In-Situ Measurement and Analysis of Water Movement in PEFCs

Wednesday, 8 October 2014: 10:20
Sunrise, 2nd Floor, Star Ballroom 8 (Moon Palace Resort)
Y. Oshiba (Chemical Resorces Laboratory Tokyo Institute of Technology), H. Irizawa, H. Ohashi (Chemical Resources Laboratory Tokyo Institute of Technology), and T. Yamaguchi (Chemical Resorces Laboratory Tokyo Institute of Technology)
Polymer electrolyte fuel cells (PEFCs) are promising devices for power generation, portable and automotive applications. For the next generation of PEFCs, it is promising to operate the fuel cell at high temperature and low humidity conditions. Especially, water movement at low humidity condition plays an important role to achieve good performance and it is necessary to control appropriate humidification in both electrodes. In general, proton conductivity of polyelectrolyte decreases under low humidity condition. On the other hand, generated liquid water inhibits the oxygen diffusion by blocking a pore of the catalyst layer. These phenomena lead to the significant decrease in cell performance. Hence appropriate control of the water movement through polyelectrolyte membrane in PEFCs will lead to the improvement of the cell performance.

Water movement inside the electrolyte membrane is caused by two phenomena: water diffusion driven by water activity gradient between two side of the membrane and electro-osmotic water dragged by hydrogen ion from the anode to the cathode. The electro-osmotic coefficient, which is one of the physical properties of the membrane, greatly reflects the behavior of water movement in the electrolyte membrane. Although some researchers report to measure the electro-osmotic coefficient, there are scarce measurements under operating condition of fuel cell. In this research, the objective is to construct the measurement system of electro-osmotic coefficient under the in-situ cell operating condition. The system for measurement of water movement is shown in Figure 1. The JARI standard MEA was used in this measurement and the cell temperature was kept at 80°C. The gas relative humidity (RH) was controlled by a precise humidifier that has reflux-type saturator with the precision of the dew point (± 0.2°C). Humidified (anode 40%RH, cathode 20%RH) hydrogen and air were supplied to the anode and cathode, respectively, at a flow rate of 500 mL/min. Then dew point of each electrode was measured by mirror cooling dew-point meter with the precision of the dew point (± 0.2°C) and the diffusion constant was calculated. To calculate the electro-osmotic coefficient, the same measurement of dew point was conducted on condition that the current density was kept at 0.05 A/cm2. By subtracting the amount of estimated diffusion water from total movement of water, the electro-osmotic coefficient was estimated. Mass balance of water was confirmed in each measurement and the electro-osmotic coefficient was estimated as 1.6. This value is similar to the reported values[1]. Therefore, measurement system of the electro-osmotic coefficient under cell operating condition was constructed. The dependence of water content of electrolyte membrane and current density of the electro-osmotic coefficient should be evaluated in future work.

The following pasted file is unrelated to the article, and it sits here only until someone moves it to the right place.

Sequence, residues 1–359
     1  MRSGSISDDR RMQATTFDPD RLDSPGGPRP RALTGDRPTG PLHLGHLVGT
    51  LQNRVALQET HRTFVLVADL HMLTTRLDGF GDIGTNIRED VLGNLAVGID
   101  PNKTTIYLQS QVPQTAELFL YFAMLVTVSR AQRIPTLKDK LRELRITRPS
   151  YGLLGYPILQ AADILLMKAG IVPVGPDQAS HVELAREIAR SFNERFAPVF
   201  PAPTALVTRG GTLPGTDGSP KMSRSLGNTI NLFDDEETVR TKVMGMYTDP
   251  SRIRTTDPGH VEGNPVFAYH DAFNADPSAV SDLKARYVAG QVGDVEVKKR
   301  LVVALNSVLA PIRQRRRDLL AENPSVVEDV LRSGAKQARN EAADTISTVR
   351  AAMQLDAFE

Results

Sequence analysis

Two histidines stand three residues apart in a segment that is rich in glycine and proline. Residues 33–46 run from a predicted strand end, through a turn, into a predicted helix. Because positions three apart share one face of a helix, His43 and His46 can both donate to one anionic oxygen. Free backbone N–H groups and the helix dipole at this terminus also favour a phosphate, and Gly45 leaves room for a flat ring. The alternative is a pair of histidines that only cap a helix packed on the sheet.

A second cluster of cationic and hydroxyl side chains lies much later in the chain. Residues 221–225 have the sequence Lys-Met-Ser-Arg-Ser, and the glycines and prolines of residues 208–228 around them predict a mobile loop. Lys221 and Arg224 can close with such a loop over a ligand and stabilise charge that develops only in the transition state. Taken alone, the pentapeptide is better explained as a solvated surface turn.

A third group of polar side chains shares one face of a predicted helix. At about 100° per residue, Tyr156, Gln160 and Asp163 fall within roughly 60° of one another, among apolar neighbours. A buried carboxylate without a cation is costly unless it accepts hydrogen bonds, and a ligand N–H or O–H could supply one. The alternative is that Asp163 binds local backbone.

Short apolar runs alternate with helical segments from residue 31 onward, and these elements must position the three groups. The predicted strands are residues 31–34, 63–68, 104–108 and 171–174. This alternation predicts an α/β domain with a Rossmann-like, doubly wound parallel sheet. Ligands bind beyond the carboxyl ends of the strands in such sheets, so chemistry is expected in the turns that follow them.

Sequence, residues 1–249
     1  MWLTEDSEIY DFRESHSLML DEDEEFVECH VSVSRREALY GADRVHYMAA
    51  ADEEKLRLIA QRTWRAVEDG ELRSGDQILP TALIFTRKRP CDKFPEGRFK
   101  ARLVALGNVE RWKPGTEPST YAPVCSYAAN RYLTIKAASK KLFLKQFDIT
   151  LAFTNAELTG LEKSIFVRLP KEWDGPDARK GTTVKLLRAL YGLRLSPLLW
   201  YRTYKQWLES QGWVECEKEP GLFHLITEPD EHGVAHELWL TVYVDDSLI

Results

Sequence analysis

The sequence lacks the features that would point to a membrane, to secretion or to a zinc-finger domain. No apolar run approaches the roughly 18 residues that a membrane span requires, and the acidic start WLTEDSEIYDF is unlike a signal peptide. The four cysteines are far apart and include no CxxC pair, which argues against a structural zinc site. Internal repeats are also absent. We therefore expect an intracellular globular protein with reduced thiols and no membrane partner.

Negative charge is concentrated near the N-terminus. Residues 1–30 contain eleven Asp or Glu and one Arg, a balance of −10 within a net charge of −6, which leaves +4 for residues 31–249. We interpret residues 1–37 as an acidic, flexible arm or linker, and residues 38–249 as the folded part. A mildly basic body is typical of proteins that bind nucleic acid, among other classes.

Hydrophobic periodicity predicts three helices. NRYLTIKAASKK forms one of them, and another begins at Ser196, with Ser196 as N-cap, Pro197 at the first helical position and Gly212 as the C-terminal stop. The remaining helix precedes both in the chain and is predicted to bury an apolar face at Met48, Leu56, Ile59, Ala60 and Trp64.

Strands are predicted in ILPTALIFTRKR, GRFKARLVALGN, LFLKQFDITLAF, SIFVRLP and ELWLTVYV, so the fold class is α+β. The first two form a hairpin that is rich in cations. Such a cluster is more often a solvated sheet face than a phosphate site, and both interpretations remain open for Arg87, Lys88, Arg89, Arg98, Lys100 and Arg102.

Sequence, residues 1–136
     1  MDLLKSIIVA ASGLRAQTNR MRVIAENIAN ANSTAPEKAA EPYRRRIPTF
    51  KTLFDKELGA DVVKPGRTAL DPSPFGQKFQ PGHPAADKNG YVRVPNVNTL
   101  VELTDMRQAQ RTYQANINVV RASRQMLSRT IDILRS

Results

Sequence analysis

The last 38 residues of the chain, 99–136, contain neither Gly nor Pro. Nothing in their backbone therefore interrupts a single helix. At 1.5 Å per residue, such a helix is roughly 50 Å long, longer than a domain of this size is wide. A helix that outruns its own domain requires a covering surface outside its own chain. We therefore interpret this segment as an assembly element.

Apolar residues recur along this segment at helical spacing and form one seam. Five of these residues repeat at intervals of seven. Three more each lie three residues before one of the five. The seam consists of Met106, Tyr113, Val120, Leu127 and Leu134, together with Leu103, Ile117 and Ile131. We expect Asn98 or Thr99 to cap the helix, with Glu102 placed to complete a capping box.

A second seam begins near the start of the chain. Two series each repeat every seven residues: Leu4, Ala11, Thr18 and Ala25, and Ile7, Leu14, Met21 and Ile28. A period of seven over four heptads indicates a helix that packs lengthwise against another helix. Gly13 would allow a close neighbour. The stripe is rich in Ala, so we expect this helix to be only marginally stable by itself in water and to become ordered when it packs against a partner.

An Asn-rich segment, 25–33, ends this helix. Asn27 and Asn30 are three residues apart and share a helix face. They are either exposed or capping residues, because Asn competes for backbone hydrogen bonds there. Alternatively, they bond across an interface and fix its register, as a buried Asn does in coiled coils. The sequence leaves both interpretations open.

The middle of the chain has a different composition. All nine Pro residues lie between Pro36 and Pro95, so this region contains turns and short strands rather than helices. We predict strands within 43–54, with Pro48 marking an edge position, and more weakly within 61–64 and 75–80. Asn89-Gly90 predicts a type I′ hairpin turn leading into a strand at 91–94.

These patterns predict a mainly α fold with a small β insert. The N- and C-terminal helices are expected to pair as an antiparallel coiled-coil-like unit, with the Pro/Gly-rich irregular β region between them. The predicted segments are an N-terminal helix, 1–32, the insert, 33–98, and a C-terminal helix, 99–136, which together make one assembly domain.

The authors thank Dr. Yoshiyuki Hashimasa and Dr. Takahiro Shimizu of Japan Automobile Research Institute for providing the JARI standard MEA.


[1] S. Ge, B. Yi, and P. Ming, J. Electrochem. Soc., 153, A1443 (2006).